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Lee Grinberg, CBAP, PMP
Lee Grinberg, CBAP, PMP

Do you want stakeholders to trust you?

Do you want to be an effective BA?  

The first step is to make the key stakeholders trust you.

As I wrote in my previous post it is the first step in establishing yourself when you're the only BA in your organization.

 When I joined and sat down for my first meeting with the project team not only was I met with stares of hostility I was also leveled with questions regarding the need for my role (gasp!)  The project sponsor and his right hand who was developing business requirements were feeling threatened and did not want to give up control.

So, how to make them trust you?   Develop rapport and give credit!

First, develop professional rapport.  Over a few months, I met with them to clearly establish my boundaries (writing functional specs) as opposed to stepping on their turf (business requirements) and to offer my help with clarifications whenever I could.   I learned their business terminology and got my hands on as much system information as possible.   In the process of developing rapport, I was also learning about the system and became a better BA.  This went a long way to establish my earnestness and good intentions.

Second, develop a personal rapport.   I got to know these guys pretty well.  We had a few drinks, shared personal stories, and trust soon developed.   I also asked them for help in navigating the organizational culture.   When people help you, they trust you.

The final watershed moment that made them trust me happened in another project meeting.   I was doing a presentation on the state of the project to senior management and when the time was right stopped and gave credit to the guys who started it and kept it rolling.   I took no credit for myself.   This completely established my good intentions.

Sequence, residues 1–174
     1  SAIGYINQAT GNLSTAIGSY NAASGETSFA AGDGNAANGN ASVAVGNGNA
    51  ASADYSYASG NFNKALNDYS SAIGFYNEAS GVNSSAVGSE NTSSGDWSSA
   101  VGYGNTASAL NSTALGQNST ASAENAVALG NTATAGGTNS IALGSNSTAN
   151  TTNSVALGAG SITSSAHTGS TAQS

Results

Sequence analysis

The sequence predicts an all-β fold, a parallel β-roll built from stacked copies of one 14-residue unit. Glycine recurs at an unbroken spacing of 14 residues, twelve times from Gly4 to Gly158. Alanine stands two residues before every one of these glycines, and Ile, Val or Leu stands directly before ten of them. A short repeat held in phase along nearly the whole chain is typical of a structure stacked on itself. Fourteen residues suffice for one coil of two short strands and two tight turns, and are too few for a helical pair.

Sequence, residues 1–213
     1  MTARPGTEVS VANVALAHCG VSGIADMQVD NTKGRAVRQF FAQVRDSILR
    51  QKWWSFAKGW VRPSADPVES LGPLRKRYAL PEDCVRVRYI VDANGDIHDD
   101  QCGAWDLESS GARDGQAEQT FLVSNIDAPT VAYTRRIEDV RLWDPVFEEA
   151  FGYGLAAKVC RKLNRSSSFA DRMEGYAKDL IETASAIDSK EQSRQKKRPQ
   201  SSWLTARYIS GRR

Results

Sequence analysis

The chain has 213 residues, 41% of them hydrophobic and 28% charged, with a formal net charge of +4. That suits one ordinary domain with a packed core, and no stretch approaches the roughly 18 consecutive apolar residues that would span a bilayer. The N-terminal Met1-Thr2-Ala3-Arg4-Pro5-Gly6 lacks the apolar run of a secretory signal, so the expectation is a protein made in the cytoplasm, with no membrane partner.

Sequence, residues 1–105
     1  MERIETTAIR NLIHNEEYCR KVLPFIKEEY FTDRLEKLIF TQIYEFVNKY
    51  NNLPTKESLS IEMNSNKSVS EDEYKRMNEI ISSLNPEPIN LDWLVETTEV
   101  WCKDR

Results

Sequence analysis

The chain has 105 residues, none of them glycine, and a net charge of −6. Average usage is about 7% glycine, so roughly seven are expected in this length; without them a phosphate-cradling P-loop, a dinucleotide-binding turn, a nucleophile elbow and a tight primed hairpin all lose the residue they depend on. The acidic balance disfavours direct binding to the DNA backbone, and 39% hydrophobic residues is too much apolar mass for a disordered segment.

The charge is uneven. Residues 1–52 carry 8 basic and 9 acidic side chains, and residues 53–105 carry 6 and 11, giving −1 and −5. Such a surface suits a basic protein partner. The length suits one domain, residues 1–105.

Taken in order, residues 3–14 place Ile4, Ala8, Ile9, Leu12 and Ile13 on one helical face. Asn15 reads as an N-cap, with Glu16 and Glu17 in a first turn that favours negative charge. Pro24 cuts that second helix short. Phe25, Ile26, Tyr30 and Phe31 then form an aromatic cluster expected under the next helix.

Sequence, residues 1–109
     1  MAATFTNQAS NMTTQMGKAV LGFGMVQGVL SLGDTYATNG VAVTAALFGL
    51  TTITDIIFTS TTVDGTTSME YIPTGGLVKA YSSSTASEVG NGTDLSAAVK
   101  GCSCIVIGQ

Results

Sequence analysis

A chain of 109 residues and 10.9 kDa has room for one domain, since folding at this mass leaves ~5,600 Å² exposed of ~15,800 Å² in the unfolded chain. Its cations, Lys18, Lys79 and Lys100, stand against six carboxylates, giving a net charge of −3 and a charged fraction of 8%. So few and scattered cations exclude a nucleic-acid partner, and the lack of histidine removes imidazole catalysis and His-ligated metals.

So, what finally happened?   These stakeholders and I have a great working relationship which outlasted the original project.   

This entry was published on Jun 03, 2013 / Lee Grinberg, CBAP, PMP. Posted in Business Analysis, Soft Skills, Leadership & Management, Career as a Business Systems Analyst, Getting Started as a Business Systems Analyst. Bookmark the Permalink or E-mail it to a friend.
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COMMENTS

srikanthba posted on Tuesday, June 11, 2013 10:37 AM
Presently, I am also facing the issue of being a single BA from offshore for the projects.Initially, the reponse of the business team was not encouraging and developers and the project manger at the onsite take the lead. We have very less change to develop a rapport with the business team and credit them.

Its about searching for an oppurtunity to develop a rapport with the client / business team. Yes it comes by helping and guiding them to write the requirements too.
Lee Grinberg, CBAP, PMP posted on Tuesday, June 11, 2013 10:47 AM
Srikant,

Thank you for your comment.

In your situation, rapport is certainly difficult to build. A couple of things I would try include:
1. Learn the business terminology. When you "speak their language" an understanding and common bond will develop.
2. Look for an opportunity to add value through your requirements. I will write how to do this in more detail later but for now listen in the meetings for troublepoints that you can help resolve.
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